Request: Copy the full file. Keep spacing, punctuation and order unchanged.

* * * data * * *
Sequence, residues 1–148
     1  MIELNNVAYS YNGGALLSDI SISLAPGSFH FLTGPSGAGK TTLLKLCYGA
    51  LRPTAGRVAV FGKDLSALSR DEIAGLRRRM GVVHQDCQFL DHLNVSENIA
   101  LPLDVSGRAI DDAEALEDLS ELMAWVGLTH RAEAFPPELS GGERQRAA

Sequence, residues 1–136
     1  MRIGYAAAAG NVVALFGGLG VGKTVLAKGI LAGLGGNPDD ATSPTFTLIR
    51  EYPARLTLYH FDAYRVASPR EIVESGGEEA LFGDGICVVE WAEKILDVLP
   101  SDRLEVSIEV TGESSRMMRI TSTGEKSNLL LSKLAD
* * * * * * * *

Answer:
Sequence, residues 1–148
     1  MIELNNVAYS YNGGALLSDI SISLAPGSFH FLTGPSGAGK TTLLKLCYGA
    51  LRPTAGRVAV FGKDLSALSR DEIAGLRRRM GVVHQDCQFL DHLNVSENIA
   101  LPLDVSGRAI DDAEALEDLS ELMAWVGLTH RAEAFPPELS GGERQRAA

Sequence, residues 1–136
     1  MRIGYAAAAG NVVALFGGLG VGKTVLAKGI LAGLGGNPDD ATSPTFTLIR
    51  EYPARLTLYH FDAYRVASPR EIVESGGEEA LFGDGICVVE WAEKILDVLP
   101  SDRLEVSIEV TGESSRMMRI TSTGEKSNLL LSKLAD